6 steps to building trust with prospective franchisees
Article by Steven Frost
Smith & Henderson
Recent events have made it difficult to build trust. The forced nationalisation of banks, for example, saw many life-long customers queuing for hours to withdraw their savings. The MPs expenses scandal hardened the public’s widely-held scepticism about politicians and the phone hacking scandal damaged the media’s integrity.
Closer to home, franchisors are now likely to find that they need to give prospective franchisees more “reasons to believe”. Rather than just saying that their training and support are good, franchisors need to prove it. Otherwise, prospective franchisees may perceive the risk too high and either choose an alternative to franchising or worst still, their competitor.
In addition to the need to build trust in today’s business climate, there is another factor that makes this more critical. There are now around 1,400 franchise opportunities in the UK competing for the same talent and the figure is increasing. Franchisors can, however, build trust with prospective franchisees in a variety of ways.
1. Communicate your approach
There is an old saying in franchising - good franchisors award franchises, bad franchisors sell them. By explaining to prospective franchisees at the start of your process that you turn away many more candidates than you recruit, you start to exude trust. For example, instead of using an email address like email@example.com think about a more appropriate message.
2. Display your trust badges
A major benefit of joining the BFA is being able to include its logo in your franchisee recruitment marketing. Many prospective franchisees use this (or the lack of it) to form an opinion about your franchise. Membership of other organisations, like Investors In People, can also provide positive associations for your professional standing.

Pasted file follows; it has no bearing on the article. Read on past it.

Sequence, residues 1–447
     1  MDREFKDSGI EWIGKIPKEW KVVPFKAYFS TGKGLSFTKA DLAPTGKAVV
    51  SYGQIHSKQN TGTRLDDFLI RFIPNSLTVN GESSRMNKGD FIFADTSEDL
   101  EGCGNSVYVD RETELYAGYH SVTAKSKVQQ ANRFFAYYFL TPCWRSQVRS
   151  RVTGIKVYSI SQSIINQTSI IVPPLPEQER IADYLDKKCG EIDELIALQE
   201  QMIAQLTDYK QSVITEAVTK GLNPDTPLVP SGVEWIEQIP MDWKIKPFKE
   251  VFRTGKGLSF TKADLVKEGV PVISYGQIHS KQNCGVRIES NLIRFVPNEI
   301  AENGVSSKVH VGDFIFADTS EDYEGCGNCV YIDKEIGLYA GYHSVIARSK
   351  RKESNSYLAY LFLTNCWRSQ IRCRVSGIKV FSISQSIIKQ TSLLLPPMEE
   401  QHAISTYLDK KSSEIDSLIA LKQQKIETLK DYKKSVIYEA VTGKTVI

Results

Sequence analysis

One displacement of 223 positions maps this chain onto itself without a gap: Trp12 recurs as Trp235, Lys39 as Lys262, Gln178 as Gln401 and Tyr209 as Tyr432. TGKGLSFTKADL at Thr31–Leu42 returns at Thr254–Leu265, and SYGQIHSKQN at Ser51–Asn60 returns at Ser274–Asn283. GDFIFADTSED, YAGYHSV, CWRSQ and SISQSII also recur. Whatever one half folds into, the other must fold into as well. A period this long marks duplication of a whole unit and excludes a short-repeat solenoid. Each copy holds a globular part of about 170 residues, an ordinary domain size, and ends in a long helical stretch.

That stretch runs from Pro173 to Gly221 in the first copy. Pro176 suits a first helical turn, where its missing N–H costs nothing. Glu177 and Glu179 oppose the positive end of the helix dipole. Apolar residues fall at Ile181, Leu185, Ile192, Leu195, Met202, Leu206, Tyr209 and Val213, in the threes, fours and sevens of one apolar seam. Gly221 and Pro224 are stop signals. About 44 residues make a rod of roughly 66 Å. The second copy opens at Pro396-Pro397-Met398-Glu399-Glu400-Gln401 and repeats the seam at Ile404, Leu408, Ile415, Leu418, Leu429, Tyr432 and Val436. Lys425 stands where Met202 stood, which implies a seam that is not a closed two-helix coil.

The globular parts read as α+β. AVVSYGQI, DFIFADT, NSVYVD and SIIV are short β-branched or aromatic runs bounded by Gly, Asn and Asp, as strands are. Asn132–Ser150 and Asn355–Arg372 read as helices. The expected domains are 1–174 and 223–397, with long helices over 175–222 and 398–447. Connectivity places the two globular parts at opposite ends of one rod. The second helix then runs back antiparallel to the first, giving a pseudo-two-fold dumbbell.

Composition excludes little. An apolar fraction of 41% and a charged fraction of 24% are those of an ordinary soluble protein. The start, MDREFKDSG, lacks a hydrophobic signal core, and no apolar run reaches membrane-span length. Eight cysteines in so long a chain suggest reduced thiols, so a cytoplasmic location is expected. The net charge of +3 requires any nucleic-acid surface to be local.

3. Enter the awards
Marketing collateral doesn’t come much better than being independently recognised as being the best at what you do. Invest time in submitting strong entries for franchising and trade awards. If you are shortlisted, don’t forget to exploit the PR opportunities.
4. Offer case studies
Success stories act as testimonials and what makes these even more powerful is when prospective franchisees can relate personally to a franchisee, perhaps because they are from
a similar background.
5. Provide evidence
Share statistics about how many of your existing franchisees renew their agreements. Be specific about the level of support you provide, the length of your initial training and the investment that has been made in your brand.
6. Prove it
In the US, Canada and Australia, hundreds of franchisors participate in annual franchisee satisfaction surveys. These are independently administered and provide franchisors with insight to improve their franchise system and also unique marketing collateral. Rather than just say how good their franchise is they can prove it by sharing details of the percentage of their franchisees who would recommend it.
Closer to home, Smith & Henderson launched the Franchise Satisfaction Benchmark in June 2011. It works by inviting existing franchisees to complete an online survey about their franchise ownership experience. Franchisors receive a free franchisee satisfaction summary report and can also upgrade to a 20-page analysis of the results. They can use these independent statistics, such as the proportion of existing franchisees that would recommend their franchise, to boost their marketing and instantly win trust.
Within four weeks of the launch of the scheme, 18 franchisors have registered to participate in the benchmark.
Last Updated: 19-August-2011